Published in the December 2010 issue of Today’s Hospitalist
One in seven Medicare inpatients harmed
A NEW STUDY FROM THE OFFICE OF THE INSPECTOR GENERAL finds that 13.5% of Medicare beneficiaries experience an adverse event while they’re hospitalized, while another 13.5% experience some other form of temporary harm in the hospital, such as hypoglycemia.
The report, which was issued last month, looked at a random sample of Medicare patients hospitalized during October 2008. The analysis indicates that 44% of adverse and temporary-harm events are preventable. The price tag for adverse events for Medicare per year, the report said, is about $4.4 billion. Only 1% of the adverse events found consisted of “never events,” such as wrong-site surgery. Infections were cited as a major problem, as were adverse events related to medications.
The report advises the Centers for Medicare and Medicaid Services (CMS) and the AHRQ to “broaden patient safety efforts,” which should include setting research priorities, prevention strategies and adverse-event reporting guidelines. The report also recommended that the CMS devise financial incentives for hospitals to help reduce event rates.
In-hospital AEDs linked to lower survival rates
WHILE HOSPITALS HAVE PURCHASED more than 50,000 automated external defibrillators (AEDs) to use on inpatients who arrest, a new study finds that the use of AEDs in hospitals is associated with lower survival rates.
The study, which was posted online last month by the Journal of the American Medical Association, found that 18% of patients who arrested in the hospital survived to discharge. However, the survival rate was 16.3% for shocked patients vs. 19.3% for those not shocked. The cohort study looked at more than 11,600 patients who arrested on the wards in more than 200 U.S. hospitals between Jan. 1, 2000, and Aug, 26, 2008.
The authors write that the majority of in-hospital arrests “more than four out of five “are due to nonshockable conditions such as asystole and pulseless electrical activity. (Many more patients with out-of-hospital arrests have shockable conditions such as ventricular fibrillation or pulseless ventricular tachycardia, researchers said.) The authors conclude that when responding to an arrest, providers make the mistake of stopping chest compressions, which can be effective, to administer an AED.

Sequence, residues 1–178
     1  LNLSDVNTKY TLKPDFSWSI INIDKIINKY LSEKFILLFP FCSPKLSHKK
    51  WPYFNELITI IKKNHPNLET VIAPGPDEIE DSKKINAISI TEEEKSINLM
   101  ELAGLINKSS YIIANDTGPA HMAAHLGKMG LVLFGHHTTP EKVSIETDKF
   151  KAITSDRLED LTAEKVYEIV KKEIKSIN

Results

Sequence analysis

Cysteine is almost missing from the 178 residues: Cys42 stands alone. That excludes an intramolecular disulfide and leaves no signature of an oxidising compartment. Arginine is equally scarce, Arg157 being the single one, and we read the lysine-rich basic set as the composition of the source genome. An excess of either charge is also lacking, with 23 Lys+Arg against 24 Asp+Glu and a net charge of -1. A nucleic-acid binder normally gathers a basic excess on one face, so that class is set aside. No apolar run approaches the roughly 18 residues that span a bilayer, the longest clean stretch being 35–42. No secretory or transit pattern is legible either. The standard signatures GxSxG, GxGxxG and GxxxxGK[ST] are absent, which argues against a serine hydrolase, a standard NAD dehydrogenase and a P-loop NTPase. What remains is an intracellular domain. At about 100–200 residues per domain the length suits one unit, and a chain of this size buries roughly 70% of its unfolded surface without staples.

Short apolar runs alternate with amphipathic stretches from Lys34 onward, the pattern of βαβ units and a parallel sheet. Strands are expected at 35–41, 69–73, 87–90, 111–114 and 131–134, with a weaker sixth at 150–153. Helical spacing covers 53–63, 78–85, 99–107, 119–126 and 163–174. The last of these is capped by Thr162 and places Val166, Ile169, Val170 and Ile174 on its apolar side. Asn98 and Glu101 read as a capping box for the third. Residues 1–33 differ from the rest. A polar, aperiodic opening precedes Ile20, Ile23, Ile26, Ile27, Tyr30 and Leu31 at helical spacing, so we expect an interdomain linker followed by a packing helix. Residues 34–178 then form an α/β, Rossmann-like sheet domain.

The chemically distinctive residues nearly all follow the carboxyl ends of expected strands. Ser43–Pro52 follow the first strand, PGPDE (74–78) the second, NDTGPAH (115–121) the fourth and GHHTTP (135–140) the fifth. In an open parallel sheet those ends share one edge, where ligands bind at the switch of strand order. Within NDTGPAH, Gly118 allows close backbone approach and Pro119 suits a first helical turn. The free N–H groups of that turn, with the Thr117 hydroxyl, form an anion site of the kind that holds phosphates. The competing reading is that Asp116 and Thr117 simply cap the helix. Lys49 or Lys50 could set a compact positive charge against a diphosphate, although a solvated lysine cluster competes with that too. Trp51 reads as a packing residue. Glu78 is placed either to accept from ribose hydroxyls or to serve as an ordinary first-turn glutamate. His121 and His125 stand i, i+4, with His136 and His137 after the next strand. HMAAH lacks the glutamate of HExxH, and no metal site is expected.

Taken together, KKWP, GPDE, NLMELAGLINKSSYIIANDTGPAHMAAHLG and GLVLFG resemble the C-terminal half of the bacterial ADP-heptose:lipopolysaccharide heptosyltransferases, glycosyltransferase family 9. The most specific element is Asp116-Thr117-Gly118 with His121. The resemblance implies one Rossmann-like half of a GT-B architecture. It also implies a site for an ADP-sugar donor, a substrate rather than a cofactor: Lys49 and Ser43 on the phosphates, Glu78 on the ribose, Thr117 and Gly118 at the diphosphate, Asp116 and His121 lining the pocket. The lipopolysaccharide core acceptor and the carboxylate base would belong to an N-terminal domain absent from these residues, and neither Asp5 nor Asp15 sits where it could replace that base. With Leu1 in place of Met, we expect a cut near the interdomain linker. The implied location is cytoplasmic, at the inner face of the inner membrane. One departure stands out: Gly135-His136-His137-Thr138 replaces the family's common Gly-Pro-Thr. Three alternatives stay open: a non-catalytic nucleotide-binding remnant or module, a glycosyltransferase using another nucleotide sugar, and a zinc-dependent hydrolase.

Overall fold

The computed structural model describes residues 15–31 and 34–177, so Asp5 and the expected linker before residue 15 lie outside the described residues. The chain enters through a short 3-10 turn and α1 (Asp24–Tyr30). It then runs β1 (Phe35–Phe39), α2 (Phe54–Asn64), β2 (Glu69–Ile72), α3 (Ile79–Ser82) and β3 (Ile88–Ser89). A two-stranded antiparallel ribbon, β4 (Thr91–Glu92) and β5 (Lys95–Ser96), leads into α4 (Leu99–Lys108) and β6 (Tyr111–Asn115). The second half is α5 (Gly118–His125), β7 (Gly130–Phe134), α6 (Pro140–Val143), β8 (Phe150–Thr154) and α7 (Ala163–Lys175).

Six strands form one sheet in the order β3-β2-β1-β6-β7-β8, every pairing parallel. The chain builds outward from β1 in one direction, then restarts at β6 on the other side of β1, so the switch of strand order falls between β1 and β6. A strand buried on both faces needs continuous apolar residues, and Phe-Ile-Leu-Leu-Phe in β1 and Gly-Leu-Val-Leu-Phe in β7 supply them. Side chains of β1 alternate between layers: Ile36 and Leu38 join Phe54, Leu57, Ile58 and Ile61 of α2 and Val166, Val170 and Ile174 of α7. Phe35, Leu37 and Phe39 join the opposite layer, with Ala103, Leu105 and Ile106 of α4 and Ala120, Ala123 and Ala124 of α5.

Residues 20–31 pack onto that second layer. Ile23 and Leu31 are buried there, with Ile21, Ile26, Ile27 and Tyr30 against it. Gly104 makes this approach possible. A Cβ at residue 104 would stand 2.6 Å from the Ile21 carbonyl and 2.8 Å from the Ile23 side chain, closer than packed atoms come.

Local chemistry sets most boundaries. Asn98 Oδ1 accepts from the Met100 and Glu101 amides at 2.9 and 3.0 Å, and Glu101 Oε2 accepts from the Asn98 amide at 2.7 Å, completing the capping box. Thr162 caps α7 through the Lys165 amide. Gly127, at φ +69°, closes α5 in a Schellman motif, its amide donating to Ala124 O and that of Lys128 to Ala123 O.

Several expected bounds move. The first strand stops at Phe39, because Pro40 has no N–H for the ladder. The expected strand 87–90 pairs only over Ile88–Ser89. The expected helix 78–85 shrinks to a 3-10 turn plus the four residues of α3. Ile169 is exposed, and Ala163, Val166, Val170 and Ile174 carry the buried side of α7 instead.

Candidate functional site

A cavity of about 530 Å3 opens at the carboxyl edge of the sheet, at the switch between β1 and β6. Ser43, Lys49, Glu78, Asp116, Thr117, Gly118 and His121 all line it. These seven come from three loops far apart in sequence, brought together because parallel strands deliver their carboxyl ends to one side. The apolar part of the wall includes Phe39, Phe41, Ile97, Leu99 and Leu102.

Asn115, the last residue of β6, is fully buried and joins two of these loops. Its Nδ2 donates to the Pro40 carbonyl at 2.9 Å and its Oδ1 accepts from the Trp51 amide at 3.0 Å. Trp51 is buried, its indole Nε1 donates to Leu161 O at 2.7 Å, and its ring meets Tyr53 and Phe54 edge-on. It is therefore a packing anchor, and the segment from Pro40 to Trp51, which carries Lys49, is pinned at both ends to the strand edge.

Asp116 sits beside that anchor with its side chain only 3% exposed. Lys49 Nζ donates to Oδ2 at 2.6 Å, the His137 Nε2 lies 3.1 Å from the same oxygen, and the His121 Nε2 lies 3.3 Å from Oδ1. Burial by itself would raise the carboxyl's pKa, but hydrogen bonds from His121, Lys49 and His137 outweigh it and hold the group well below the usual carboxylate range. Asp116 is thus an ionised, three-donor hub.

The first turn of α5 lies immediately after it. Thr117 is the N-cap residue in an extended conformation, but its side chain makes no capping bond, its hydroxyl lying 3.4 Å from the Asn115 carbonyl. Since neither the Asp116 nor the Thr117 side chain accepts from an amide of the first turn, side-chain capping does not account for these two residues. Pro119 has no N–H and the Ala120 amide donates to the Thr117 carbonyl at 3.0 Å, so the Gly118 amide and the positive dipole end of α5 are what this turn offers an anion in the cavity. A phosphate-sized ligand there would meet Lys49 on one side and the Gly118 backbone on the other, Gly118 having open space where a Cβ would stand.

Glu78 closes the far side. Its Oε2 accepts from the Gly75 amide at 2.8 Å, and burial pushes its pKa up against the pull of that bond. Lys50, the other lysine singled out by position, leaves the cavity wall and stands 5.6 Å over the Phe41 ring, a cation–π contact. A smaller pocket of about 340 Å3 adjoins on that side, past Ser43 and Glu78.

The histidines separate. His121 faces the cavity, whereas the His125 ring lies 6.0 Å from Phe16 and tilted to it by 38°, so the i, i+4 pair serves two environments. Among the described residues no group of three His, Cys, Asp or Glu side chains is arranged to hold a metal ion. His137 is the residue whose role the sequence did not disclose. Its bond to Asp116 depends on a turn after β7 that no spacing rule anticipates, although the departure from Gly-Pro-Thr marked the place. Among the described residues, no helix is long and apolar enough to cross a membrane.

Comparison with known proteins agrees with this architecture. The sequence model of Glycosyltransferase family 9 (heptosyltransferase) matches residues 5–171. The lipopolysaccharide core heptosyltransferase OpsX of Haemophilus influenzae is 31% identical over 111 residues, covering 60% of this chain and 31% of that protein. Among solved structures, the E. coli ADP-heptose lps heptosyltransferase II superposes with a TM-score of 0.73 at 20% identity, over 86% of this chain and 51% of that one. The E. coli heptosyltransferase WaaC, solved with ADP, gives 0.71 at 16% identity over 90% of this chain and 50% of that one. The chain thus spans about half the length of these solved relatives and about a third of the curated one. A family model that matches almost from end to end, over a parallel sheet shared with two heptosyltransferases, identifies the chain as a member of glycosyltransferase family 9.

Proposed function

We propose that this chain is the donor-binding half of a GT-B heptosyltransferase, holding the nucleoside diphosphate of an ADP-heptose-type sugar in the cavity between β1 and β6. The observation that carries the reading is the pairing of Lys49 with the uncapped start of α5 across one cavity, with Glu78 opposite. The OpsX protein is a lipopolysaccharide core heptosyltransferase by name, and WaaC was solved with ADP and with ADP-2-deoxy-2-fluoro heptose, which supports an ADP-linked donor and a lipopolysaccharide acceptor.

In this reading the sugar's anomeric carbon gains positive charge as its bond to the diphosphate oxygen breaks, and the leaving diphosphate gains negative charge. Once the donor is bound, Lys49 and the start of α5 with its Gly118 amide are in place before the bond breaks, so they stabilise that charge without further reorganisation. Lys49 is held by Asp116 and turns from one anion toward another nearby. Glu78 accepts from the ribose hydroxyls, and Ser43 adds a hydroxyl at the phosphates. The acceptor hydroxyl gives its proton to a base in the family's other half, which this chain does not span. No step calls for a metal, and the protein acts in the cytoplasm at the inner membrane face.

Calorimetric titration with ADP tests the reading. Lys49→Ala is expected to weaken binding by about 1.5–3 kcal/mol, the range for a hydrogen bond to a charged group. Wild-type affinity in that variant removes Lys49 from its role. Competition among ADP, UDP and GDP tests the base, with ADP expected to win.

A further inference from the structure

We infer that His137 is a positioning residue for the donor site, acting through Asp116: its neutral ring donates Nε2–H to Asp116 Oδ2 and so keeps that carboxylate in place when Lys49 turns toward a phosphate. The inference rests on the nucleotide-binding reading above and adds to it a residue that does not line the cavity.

How much more do surgeons make?
A NEW STUDY FINDS that specialists are paid as much as 52% more than primary care and generalist physicians, even though generalists see more patients.
Researchers writing in the Oct. 25 issue of Archives of Internal Medicine looked at 2004-05 compensation data from more than 6,000 doctors in 60 communities. Unlike previous analyses, the authors assessed hourly wages based on compensation and reported hours worked per day.
They found that generalists, including pediatricians, earned $60.48 per hour; internal medicine and pediatric specialists earned $84.85 per hour; other specialties, including emergency medicine and dermatology, earned $88.08 per hour; and surgeons earned $92.10 per hour. The report also found that women physicians earn $9 per hour less than their male colleagues across all specialty groups.
New film festival seeks entries on infection control
THE ASSOCIATION FOR PROFESSIONALS in Infection Control and Epidemiology (APIC) is inviting budding medical film-makers to submit documentaries, short films and videos for the APIC Film Festival, which will be held June 27-29, 2011.
Films should illustrate the themes of infection control, prevention and education, and they should be no longer than 10 minutes. Applicants must upload their film or films (multiple submissions are allowed) to YouTube no later than Dec. 31 to be eligible. Applicants must also complete an online registration form.
According to the entry rules, any video or film that’s not in English must come with English subtitles. In addition, entries may not feature any commercial products or political candidates or points of view.